“According to Acts 4:13, both Peter and his companion John, also a fisherman, were agrammatoi, a Greek word that literally means ‘unlettered,’ that is, ‘illiterate,’ ’’ he writes.

Will the real Paul stand up?

Ehrman reserves most of his scrutiny for the writings of Paul, which make up the bulk of the New Testament. He says that only about half of the New Testament letters attributed to Paul - 7 of 13 - were actually written by him.

Paul's remaining books are forgeries, Ehrman says. His proof: inconsistencies in the language, choice of words and blatant contradiction in doctrine.

For example, Ehrman says the book of Ephesians doesn’t conform to Paul’s distinctive Greek writing style. He says Paul wrote in short, pointed sentences while Ephesians is full of long Greek sentences (the opening sentence of thanksgiving in Ephesians unfurls a sentence that winds through 12 verses, he says).

“There’s nothing wrong with extremely long sentences in Greek; it just isn’t the way Paul wrote. It’s like Mark Twain and William Faulkner; they both wrote correctly, but you would never mistake the one for the other,” Ehrman writes.

The scholar also points to a famous passage in 1 Corinthians in which Paul is recorded as saying that women should be “silent” in churches and that “if they wish to learn anything, let them ask their own husbands at home.”

Only three chapters earlier, in the same book, Paul is urging women who pray and prophesy in church to cover their heads with veils, Ehrman says: “If they were allowed to speak in chapter 11, how could they be told not to speak in chapter 14?”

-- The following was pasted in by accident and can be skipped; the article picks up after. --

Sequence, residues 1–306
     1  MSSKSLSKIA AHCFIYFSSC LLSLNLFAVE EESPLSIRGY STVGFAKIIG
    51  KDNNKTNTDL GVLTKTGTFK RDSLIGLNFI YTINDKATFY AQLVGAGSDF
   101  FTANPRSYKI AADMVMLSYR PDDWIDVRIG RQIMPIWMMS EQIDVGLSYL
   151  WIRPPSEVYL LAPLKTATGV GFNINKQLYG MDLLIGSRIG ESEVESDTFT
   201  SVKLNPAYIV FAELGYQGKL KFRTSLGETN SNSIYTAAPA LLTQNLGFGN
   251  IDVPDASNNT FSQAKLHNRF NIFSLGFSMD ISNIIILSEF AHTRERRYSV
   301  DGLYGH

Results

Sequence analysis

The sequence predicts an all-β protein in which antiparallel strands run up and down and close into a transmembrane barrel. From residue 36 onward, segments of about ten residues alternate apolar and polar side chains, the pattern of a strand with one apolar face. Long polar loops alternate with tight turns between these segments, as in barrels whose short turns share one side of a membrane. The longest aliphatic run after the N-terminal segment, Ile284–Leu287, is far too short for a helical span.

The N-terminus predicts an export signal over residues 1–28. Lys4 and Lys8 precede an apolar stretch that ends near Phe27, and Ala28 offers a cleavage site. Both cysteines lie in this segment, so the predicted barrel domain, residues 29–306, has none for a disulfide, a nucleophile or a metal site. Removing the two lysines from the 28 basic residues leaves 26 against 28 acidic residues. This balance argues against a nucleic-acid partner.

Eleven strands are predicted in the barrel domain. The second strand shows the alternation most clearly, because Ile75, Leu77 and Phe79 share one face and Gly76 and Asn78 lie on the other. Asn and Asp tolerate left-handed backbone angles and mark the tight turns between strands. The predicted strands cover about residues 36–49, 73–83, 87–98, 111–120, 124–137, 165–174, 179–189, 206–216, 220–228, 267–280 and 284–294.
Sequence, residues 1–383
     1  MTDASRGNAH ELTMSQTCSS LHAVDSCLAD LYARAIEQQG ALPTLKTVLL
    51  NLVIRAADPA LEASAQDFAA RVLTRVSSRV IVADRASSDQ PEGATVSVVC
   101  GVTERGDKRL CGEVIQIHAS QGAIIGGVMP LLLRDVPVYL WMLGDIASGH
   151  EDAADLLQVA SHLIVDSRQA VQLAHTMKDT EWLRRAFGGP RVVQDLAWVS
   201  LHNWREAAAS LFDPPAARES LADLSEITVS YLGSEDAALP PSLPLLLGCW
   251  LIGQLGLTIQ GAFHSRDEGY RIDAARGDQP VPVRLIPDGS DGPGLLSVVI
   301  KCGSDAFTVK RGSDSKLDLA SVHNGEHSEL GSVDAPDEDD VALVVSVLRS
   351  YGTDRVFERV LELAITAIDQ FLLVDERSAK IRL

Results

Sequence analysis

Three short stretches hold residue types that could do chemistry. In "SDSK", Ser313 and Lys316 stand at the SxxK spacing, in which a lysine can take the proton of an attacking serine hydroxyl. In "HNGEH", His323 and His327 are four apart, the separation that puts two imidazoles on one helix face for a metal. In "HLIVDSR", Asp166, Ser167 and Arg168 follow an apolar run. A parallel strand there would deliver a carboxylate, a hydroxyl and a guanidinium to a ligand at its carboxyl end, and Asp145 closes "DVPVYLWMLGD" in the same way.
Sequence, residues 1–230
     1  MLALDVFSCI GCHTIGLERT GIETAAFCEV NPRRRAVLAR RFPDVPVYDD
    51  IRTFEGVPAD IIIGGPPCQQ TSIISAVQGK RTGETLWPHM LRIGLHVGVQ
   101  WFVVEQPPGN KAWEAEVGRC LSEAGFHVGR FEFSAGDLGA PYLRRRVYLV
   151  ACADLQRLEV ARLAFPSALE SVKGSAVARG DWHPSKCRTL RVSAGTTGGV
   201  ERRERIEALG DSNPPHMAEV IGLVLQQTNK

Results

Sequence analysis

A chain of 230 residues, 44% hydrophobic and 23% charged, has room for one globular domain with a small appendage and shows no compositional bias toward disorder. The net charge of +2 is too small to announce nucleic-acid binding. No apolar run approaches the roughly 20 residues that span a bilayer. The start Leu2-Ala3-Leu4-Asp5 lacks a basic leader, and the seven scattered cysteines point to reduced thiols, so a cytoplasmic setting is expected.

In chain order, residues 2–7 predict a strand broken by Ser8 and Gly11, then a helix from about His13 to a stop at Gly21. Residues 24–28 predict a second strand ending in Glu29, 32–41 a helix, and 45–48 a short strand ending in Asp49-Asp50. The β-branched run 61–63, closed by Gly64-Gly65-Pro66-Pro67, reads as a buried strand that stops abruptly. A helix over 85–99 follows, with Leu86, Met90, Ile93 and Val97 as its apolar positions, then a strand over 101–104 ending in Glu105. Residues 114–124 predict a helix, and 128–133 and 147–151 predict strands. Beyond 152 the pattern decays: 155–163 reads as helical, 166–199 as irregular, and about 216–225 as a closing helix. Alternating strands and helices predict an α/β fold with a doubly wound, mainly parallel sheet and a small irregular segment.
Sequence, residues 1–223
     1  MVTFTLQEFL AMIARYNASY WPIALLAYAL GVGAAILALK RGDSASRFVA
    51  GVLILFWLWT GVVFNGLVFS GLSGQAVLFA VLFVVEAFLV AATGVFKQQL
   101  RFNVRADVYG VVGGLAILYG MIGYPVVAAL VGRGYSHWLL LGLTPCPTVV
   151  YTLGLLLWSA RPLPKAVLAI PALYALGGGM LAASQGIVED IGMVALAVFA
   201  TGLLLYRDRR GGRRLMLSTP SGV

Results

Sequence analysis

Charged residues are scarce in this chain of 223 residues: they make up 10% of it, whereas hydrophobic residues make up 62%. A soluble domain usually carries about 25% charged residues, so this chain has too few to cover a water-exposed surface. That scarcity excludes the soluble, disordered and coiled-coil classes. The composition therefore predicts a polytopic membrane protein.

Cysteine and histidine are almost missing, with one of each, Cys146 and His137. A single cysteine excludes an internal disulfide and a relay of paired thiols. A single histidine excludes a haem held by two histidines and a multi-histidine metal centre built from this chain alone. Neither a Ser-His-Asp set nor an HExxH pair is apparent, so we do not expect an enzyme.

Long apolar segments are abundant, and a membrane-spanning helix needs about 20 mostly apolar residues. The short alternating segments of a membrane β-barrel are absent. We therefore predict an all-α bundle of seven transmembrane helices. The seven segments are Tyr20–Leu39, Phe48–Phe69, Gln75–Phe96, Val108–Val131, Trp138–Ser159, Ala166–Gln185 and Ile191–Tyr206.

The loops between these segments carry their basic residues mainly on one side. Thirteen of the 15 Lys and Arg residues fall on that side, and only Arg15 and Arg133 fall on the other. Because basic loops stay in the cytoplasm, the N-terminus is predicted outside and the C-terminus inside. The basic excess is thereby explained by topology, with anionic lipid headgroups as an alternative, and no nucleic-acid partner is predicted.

Why people forged

Forgers often did their work because they were trying to settle early church disputes, Ehrman says. The early church was embroiled in conflict - people argued over the treatment of women,  leadership and relations between masters and slaves, he says.

“There was competition among different groups of Christians about what to believe and each of these groups wanted to  have authority to back up their views,” he says. “If you were a nobody, you wouldn’t sign your own name to your treatise. You would sign Peter or John.”

So people claiming to be Peter and John - and all sorts of people who claimed to know Jesus - went into publishing overdrive. Ehrman estimates that there were about 100 forgeries created in the name of Jesus’ inner-circle during the first four centuries of the church.

Witherington concedes that fabrications and forgeries floated around the earliest Christian communities.

But he doesn’t accept the notion that Peter, for example, could not have been literate because he was a fisherman.

“Fisherman had to do business. Guess what? That involves writing, contracts and signed documents,” he said in an interview.

Witherington says people will gravitate toward Ehrman’s work because the media loves sensationalism.

“We live in a Jesus-haunted culture that’s biblically illiterate,” he says. “Almost anything can pass for historical information… A book liked ‘Forged’ can unsettle people who have no third or fourth opinions to draw upon.”

Ehrman, of course, has another point of view.